Dear Woman, Why are You Crying? (Day 10 of the resurrection)

Day 9 of the resurrection: Dear woman, why are you crying? John 20:13

This tender, non-judgmental question comes to Mary from the two angels. She has returned to the tomb, after having told the other disciples. The scriptures say she was broken and sobbing and when she stooped to peer inside the tomb, she saw the angels through her tears.

So much of Christianity has been laden with “should’s” and “shouldn’ts,” with pat answers and boxed views of life and God. At this point in my life, it simply makes me crazy.

Mary had a reason to cry. The angels knew why but they asked her so she could know why. They acknowledged her tears. So much like the Spirit. The Spirit who bends low and asks us why we cry or what is wrong, ever present to listen and to seek to comfort. The angels did not answer her. They let her reason for crying stand. This is how we honour each other’s human feelings.

We grieve in life and we celebrate when the answer to prayers as we wanted the answer to be comes through. But the greatest comfort is that Christ is alive and He is present with us in our lives through it all. The resurrection. I don’t know how to let it be enough but I want to. I want to turn, as Mary did, right in the middle of the tears and the question...turn and see Jesus alive.

I quote part of a liturgy out of Every Moment Holy entitled A Liturgy for those Who Weep Without Knowing Why

Jesus also wept.

You wept.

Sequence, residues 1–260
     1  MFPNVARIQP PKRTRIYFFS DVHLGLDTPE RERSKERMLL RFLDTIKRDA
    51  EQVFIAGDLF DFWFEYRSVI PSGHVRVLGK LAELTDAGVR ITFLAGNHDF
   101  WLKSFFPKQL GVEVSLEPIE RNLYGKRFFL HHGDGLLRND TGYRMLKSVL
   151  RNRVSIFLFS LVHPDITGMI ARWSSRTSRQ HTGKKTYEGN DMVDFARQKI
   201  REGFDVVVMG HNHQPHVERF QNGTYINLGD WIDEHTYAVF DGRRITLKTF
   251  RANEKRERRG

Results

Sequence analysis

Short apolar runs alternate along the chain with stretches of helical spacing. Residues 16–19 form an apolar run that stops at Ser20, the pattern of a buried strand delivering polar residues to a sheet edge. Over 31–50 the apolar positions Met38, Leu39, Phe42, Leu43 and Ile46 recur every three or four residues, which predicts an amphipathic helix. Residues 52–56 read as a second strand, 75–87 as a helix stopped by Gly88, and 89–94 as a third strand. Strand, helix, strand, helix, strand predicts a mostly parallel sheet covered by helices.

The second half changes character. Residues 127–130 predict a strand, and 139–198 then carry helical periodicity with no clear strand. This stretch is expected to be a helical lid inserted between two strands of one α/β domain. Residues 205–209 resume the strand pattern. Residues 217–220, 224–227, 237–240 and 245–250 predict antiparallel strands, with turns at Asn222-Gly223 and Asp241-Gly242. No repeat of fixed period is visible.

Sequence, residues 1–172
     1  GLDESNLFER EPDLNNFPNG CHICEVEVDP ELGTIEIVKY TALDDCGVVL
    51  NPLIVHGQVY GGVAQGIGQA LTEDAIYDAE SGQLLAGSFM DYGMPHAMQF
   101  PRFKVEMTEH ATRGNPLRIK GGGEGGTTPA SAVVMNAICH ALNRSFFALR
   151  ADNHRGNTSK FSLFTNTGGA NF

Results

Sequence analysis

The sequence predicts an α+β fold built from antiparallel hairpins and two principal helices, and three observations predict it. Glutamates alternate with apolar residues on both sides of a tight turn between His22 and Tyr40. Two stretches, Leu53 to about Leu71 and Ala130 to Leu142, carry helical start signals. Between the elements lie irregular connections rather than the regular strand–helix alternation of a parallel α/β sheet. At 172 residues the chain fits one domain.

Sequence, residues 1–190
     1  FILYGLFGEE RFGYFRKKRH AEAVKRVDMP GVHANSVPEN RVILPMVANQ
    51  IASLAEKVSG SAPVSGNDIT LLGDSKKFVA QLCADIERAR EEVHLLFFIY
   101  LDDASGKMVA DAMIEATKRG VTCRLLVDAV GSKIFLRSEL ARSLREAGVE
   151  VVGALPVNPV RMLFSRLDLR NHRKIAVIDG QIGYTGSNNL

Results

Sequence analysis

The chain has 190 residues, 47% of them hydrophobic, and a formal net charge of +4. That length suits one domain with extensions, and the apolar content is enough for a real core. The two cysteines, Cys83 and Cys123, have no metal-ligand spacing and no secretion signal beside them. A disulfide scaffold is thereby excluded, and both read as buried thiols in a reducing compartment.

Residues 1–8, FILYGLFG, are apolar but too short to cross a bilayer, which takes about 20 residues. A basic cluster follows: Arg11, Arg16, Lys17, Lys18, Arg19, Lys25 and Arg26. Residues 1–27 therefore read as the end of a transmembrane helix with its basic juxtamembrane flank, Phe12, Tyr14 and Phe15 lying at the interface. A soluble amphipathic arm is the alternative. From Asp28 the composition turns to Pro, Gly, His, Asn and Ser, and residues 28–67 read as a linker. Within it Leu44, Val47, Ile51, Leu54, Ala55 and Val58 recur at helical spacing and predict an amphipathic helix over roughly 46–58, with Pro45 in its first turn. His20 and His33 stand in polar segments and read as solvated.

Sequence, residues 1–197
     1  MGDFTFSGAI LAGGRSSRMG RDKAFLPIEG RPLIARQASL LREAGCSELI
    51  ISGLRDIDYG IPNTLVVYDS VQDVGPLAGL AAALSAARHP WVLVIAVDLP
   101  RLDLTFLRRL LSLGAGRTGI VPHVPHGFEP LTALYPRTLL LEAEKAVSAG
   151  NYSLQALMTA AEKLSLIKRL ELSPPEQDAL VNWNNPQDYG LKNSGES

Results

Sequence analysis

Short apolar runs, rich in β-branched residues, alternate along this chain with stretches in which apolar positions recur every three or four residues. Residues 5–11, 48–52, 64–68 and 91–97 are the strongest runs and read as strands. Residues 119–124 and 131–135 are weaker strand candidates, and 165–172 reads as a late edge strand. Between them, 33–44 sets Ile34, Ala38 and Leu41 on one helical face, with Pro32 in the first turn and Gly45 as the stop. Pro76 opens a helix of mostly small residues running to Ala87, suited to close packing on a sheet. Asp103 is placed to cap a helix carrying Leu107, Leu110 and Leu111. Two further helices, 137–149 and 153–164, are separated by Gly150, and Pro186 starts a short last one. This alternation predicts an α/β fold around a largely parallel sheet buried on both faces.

So moved by the pain of this crushed creation, you, O Lord,

heaved with the grief of it, drinking the anguish like

water and sweating it out of your skin like blood.

Is it possible that you – in your sadness over Lazarus,

in your grieving for Jerusalem, in your sorrow in the garden –

is it possible that you have sanctified our weeping too?

For the grief of God is no small thing,

and the weeping of God is not without effect.

The tears of Jesus preceded a resurrection of the dead.

O Spirit of God, is it then possible that

our tears might also be a kind of intercession?

That we, your children, in our groaning

with the sadness of creation, could

be joining in some burdened work

of coming restoration? Is it possible that when

we weep and don’t know why, it is because

the curse has ranged so far, so wide? That

we weep at that which breaks your heart, because

it has also broken ours – sometimes so deeply that

we cannot explain our weeping,

even to ourselves?

If that is true,

then let such weeping be received, O Lord,

as an intercession newly forged of holy sorrow.

Then let our tears anoint these broken things,

and let our grief be as their consecration –

a preparation for their promised redemption,

our sorrow sealing them for that day when

you will take the ache of all creation,

and turn in inside-out,

like the shedding of

an old gardener’s glove.

O Lord, if it please you,

When your children weep and don’t know why,

yet use our tears

to baptize what you love.


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